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Saturday, February 08, 2003

On the bridge

I'm not even sure who she is. I have a fleeting recollection of having met her once. Was it in high school? That can't be right since she's older than me. Maybe she was a former client of one of my bosses. Or, maybe I never met her at all. Maybe someone just mentioned her to me once. Or perhaps, a long time ago, someone told me more than I needed to know about her, but I never knew her by name. There's some connection which I can't quite put my finger on.

Her name is Patricia. They call her Patti. She's missing. For some unknown reason I was drafted to be part of the search party. I'm not really sure why. Maybe it has something to do with the more people looking, the better the chances of finding her. It's hard to explain. Especially since I seem to be the only person in the search party.

It's a cold clear Saturday morning in February. The day is quiet. I'm crossing the bridge. My feet are freezing. My knees are aching. I'm nearly out of breath from miles of speed walking. Fortunately, I've passed the center of the bridge and the grade is slightly downhill. At least now I can catch my breath. That makes the going a little easier.

I take off my right glove and run my hand along the smooth weatherworn cold surface of the concrete railing.

As I glance to my right over the side of the bridge, I'm struck by the fact that the edge of the lake meets a sandy beach. This is a bit strange since the public beach is at the opposite end of the bridge. You see, sand is not naturally occurring around these parts. On the contrary, we're well known for our black dirt. Around here, if we want sand, we have to pay to have it trucked in. I wonder if the sand has always been there, and I simply never noticed it. The question hits me, why would the city shell out precious taxpayer money on something so frivolous as sand? Don't they realize we're in an economic crisis? I make a mental note to write a letter to the mayor.

Just beyond the unexpected wasteful, but beautiful, sandy beach is a line of trees. Woods. It's thick and dark in there. Lots of thorny brush and jack pines and, undoubtedly, cockle burrs. There's an animal slowly making its way into the woods. It's a lion. A lion? This seems extraordinarily strange. How can there be a lion roaming wild around here? Maybe it's really a deer. No, it's definitely a lion. And it's male. I know this because I've seen the lions at the zoo. He seems unreasonably skinny. I bet he's hungry. Following about 30 feet behind him is a cub lion. I wonder, if by the time I get down there, if I'll have the courage to go in the thorny woods where lions absurdly roam free. I wonder where the female is. I further wonder if there is a female.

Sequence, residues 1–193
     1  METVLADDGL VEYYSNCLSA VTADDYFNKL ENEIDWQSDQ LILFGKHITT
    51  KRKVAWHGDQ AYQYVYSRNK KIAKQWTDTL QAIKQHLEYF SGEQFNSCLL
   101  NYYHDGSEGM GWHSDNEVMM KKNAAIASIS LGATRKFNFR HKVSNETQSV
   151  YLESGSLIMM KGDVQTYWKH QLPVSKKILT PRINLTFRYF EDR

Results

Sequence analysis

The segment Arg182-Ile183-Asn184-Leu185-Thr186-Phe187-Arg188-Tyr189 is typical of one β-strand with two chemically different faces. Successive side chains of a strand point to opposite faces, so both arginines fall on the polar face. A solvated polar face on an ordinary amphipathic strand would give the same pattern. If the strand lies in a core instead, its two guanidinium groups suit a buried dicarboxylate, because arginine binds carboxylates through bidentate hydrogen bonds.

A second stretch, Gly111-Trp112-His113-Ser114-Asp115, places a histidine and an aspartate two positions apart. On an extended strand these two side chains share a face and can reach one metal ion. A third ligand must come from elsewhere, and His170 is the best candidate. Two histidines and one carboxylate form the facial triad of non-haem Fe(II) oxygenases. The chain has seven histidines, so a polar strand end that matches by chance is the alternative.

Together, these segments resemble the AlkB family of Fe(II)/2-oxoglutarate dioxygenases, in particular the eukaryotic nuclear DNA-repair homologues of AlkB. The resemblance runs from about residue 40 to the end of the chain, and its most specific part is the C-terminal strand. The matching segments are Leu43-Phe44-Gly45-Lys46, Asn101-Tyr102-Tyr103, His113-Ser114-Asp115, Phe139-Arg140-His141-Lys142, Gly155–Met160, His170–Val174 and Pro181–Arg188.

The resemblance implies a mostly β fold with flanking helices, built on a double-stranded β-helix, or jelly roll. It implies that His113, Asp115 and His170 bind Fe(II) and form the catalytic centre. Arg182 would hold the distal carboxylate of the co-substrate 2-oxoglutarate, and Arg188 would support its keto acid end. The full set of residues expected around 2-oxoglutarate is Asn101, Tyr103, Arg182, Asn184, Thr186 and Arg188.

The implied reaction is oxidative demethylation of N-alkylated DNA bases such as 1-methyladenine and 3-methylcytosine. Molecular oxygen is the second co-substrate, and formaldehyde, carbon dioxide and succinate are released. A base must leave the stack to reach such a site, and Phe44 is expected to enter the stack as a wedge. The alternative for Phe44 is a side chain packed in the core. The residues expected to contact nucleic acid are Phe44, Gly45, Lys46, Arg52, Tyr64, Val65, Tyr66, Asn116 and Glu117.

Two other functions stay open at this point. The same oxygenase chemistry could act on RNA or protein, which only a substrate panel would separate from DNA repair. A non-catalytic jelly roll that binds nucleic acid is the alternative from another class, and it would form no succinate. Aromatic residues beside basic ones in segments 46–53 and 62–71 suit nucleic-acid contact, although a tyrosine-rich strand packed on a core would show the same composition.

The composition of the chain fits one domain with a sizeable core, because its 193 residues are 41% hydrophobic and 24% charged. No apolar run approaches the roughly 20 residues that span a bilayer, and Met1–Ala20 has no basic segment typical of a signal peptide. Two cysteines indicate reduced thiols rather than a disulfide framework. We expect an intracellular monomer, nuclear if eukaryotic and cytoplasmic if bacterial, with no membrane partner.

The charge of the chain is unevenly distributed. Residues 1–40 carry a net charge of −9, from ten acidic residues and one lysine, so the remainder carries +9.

As I'm nearing the end of the bridge, I hear the sound of pounding footsteps behind me. I look back to see a girl I went from kindergarten through 12th grade with. We were the best of friends back in grade school. The teachers always got us confused because we looked like twins way back then. She's running towards me, a piece of paper in her hand. The tails of her camel hair coat are flapping around her knees. She must be part of the search party too. I stop and wait for her to catch up with me. She's out of breath.

I consider pointing out to her the strangeness that is the sandy beach and lions, but stop myself as I realize this isn't the time or place. Without a word she hands me the paper. It's an 8-1/2 by 11 piece of white copy paper. Printed on it is a color photograph of a woman. I look at it and ask if this is Patti? Still trying to catch her breath, bent over with her hands on her knees, she nods affirmatively.

Finally, I get to see what the person actually looks like that I'm searching for. Obviously, someone has downloaded her picture from the Internet. It's slightly grainy. Patti is smiling brightly. A smiley face girl. My mind begins to wander back in time.

Startling me back to the present, my old school friend, having caught her breath, says, "I never realized how steep this bridge is. I'm taking the shortcut back." With that she jumped over the side of the bridge. Oh my God! My mind started racing. My heart leapt into my throat with fear that she had just jumped 30 feet to her death right in front of me. In what seemed like slow motion, I closed my eyes and leaned over the railing. Slowly I opened my eyes and focused downward. She was there. She was laying on her back in the shallow water her feet on dry sand, eyes open. Her camel hair coat was brown with wetness. I yelled down, Jan, are you okay? She gasped, "yes" as she pushed off with her feet, and began to backstroke back across the lake in her wet camel hair coat.

Then I woke up.

Edit after the fact: I was never asleep.

Posted by Marie at February 8, 2003 8:10 PM